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Battles of Prince of Persia Package Art
Turn-based Strategy
Ubisoft Montreal

Battles of Prince of Persia

The unique configuration of the DS encourages developers to take more risks in development. This means that where publishers might have simply placed a watered-down port of a console game on a handheld, they must now at least think of doing something different for Nintendo's dual-screened machine. This difference is most evident when looking at Ubisoft's most recent handheld release in the Prince of Persia series. While the Sony PSP got what was essentially a slightly-upgraded port of Prince of Persia: Warrior Within, the DS's Battles of Prince of Persia is a completely new release, and one which also happens to be a huge departure from the series trademark, leaving behind the mechanics of platforming and close combat for turn-based strategy.


The Battles of Prince of Persia are presented somewhat sparsely. During an attack, the top screen features simulated action with 3D models, which are fairly attractive but used in a minimal sense. The bottom screen, which is primarily used for commands and a view of the battlefield, is less detailed. Units and formations are expressed as squares on a chess-like board, and while the backdrop does manage to feel like looking at a hand-drawn map, some actual character models instead of the colored squares would have been nice. The Prince and various other commanders also appear in 2D poses throughout the story scenes and in portions of the battles.


The game's music conveys a true Middle-Eastern feeling, and although it is repetitive in some places, it never grates or seems out of place. With no voice acting to speak of, the game's story is conveyed entirely through text. Swords clash, and cavalry horses whinny when struck, which enhances individual attacks during combat.


Taking place between the first two Prince of Persia games, the story begins as the Prince returns home to Persia, only to discover that he is being hounded by an ancient beast, unleashed by the Sands of Time. Campaign mode follows the Prince as he attempts to find a method of containing or destroying it, and in the meantime, clashes with several of his neighbors, as well.

Battles are divided into hours. Each hour, the player selects a card from the Prince's deck, which allows him to give orders to a predetermined amount of units per turn. After that amount has been reached, the opponent has a chance to do the same. Technically, one hour of battle could continue until every single unit has been used at least once, but each side can end the hour early by passing. When both sides pass or are out of units to command, the hour ends. Cards can have special effects beyond just ordering units around, for instance, the Charge! card, which causes two units to proceed to the nearest foe and attack with a bonus--the downside being the unit must attack directly, without a direction change or long-range attack. Cards are won through battle, and the decks can be customized between battles.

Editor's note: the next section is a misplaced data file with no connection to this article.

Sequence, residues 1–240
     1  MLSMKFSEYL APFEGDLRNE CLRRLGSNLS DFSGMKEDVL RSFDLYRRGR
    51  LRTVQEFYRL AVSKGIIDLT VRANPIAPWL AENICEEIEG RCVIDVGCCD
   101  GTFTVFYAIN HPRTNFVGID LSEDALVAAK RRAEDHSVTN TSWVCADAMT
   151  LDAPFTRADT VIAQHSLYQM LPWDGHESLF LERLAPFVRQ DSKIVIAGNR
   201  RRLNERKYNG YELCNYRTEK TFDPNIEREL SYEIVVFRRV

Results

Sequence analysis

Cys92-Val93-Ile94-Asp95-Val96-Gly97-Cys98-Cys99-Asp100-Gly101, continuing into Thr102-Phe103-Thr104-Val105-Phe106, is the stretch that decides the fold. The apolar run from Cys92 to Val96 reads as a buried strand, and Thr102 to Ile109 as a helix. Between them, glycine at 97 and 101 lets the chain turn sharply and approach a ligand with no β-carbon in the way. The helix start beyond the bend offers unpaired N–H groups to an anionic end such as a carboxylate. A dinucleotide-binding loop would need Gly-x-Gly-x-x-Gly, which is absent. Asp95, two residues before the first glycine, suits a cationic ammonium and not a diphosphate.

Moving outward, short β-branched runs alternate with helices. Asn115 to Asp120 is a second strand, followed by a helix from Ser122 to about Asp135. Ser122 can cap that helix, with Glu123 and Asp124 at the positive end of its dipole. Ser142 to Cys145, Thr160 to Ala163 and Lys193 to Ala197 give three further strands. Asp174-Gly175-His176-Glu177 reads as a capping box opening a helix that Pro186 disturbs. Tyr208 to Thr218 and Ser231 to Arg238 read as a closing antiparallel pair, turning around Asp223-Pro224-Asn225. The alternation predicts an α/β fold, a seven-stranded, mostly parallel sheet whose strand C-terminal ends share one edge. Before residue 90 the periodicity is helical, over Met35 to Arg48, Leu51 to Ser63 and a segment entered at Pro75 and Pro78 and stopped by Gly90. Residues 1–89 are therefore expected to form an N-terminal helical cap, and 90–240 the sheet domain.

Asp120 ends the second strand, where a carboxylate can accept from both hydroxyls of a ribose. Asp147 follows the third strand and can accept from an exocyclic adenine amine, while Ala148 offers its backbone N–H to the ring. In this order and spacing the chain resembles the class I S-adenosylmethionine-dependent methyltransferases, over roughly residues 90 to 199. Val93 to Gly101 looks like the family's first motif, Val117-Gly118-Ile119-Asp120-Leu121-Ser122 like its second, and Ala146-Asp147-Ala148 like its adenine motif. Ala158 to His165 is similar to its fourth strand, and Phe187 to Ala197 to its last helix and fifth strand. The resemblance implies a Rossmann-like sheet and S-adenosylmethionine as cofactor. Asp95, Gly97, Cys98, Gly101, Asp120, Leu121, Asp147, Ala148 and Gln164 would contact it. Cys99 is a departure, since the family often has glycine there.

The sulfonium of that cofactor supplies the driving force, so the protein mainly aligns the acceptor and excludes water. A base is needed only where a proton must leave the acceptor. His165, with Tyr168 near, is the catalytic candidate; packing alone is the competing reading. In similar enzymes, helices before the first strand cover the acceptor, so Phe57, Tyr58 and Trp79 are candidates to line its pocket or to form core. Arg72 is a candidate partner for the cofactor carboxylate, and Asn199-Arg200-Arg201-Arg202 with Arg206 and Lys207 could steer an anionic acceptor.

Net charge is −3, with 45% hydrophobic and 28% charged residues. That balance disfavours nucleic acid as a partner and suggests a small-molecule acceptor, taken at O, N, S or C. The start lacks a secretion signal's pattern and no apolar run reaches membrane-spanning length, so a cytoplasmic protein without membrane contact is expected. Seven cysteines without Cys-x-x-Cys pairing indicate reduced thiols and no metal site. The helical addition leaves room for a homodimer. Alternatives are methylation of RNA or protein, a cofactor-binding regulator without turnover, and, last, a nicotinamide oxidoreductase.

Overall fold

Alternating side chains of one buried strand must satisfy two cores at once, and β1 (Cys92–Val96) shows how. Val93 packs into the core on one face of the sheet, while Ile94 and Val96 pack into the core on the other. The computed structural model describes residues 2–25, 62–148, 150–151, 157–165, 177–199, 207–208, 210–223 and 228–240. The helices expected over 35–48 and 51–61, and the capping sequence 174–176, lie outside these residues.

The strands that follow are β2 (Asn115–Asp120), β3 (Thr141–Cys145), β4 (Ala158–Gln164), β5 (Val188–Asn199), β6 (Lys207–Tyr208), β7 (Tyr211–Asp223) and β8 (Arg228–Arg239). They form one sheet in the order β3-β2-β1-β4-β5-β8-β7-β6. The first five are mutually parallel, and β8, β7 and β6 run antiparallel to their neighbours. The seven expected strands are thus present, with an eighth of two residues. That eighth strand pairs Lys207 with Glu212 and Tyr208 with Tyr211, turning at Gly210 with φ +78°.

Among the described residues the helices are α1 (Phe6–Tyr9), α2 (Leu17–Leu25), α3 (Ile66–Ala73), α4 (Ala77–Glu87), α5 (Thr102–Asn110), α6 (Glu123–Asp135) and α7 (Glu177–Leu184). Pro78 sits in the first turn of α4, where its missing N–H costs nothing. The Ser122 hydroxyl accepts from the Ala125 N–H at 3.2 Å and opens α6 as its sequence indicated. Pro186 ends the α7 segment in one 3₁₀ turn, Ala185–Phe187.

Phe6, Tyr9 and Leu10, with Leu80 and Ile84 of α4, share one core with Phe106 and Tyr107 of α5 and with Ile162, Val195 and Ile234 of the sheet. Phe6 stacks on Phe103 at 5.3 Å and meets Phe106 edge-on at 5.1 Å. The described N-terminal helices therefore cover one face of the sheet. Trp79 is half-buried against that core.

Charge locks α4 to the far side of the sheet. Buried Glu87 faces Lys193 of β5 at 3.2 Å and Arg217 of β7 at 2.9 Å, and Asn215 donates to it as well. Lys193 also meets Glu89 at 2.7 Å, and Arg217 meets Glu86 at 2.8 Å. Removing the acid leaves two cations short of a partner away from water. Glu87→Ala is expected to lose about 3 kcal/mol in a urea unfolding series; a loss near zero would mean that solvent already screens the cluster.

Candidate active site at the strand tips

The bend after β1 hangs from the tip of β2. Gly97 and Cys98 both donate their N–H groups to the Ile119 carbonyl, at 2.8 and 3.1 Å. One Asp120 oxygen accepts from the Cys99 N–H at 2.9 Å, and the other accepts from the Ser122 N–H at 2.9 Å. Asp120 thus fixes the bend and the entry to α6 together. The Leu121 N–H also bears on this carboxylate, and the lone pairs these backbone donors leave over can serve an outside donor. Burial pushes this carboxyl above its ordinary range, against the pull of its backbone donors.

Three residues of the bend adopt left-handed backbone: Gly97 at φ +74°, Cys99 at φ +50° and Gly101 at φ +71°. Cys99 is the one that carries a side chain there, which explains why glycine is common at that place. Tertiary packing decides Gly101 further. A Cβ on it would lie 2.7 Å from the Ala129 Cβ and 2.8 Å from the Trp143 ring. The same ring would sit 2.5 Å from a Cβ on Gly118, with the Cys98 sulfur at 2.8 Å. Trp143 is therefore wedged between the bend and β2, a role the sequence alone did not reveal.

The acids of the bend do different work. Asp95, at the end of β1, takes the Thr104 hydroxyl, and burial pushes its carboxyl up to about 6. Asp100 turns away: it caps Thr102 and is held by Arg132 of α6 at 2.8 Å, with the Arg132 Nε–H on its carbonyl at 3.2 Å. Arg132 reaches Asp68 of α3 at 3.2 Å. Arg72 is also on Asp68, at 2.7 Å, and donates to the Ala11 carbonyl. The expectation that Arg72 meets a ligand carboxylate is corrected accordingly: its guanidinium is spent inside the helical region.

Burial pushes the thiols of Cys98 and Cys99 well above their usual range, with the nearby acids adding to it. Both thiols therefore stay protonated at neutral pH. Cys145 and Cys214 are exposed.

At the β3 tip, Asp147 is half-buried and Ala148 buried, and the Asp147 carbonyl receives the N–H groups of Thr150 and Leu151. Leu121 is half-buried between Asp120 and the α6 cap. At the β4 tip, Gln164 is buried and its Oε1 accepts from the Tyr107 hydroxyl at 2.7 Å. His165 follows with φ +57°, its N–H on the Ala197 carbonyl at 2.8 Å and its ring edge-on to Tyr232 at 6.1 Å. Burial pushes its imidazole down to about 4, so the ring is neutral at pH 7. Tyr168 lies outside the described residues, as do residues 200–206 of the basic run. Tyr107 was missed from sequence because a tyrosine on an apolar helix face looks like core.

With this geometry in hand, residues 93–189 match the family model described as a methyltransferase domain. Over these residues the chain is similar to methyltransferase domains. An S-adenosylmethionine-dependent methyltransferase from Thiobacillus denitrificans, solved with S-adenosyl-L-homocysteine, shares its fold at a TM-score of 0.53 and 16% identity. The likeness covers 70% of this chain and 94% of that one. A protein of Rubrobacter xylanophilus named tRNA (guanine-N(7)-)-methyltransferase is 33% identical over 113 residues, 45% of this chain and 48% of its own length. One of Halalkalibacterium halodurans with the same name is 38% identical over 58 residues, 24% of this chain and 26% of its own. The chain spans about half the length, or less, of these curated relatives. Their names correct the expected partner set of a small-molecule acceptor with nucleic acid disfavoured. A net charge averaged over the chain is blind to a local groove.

Victory depends on any number of factors, which are given individualized point values at the beginning of a battle. In some cases, more than one objective exists, and achieving one but not the other can still ensure a win for the Prince. Even if the Prince is defeated, the battle can still be won by his subordinates, though they will have to continue on without any of his special abilities.

In addition to Campaign mode, players can choose a general and go head-to-head against an AI-controlled opponent in Skirmish mode, which plays much the same as the battles in the story. Each army's leader has a customized deck and differing soldiers (sometimes monsters) to take the field.

Touch control is used in conjuction with the buttons. For instance, touching a friendly unit on screen will activate it and give it orders, but holding Up on the Control Pad while touching the screen will instead scroll the map wherever it needs to go. During turns, the top screen will be used to display victory conditions, a smaller version of the map or the status of each army, all of which can be cycled through with the shoulder triggers. The combination of touch control with the buttons, which is basically a requirement, may seem overly complicated for novice players or Prince of Persia fans who are not fond of or familiar with turn-based strategy.


Battles of Prince of Persia allows for two players to clash in multi-Card play. Essentially, the two-player game is nearly identical to the single-player, save for the inclusion of a human intelligence guiding the other side's moves. In fact, the Prince's opponent is always called "Player 2" even in the story mode.


There's no question that Battles of Prince of Persia feels different from a Japanese-developed strategy game, like Fire Emblem or Final Fantasy Tactics, and the differences go deeper than just the character designs. Battle plans must be developed on a much larger scale and in different timeframes, and the addition of a card-based bonus system will probably be a shake-up for seasoned strategy players.

While it's refreshing to see Ubisoft make an entirely different DS game as companion to its console counterparts, there are still a few flaws in this game. The presentation could have been a little cleaner, especially with the colored box units that are present throughout entire battles, and the forced combination of touch screen and button control could be a stumbling block for some players.

final score 7.5/10

Staff Avatar Aaron Roberts
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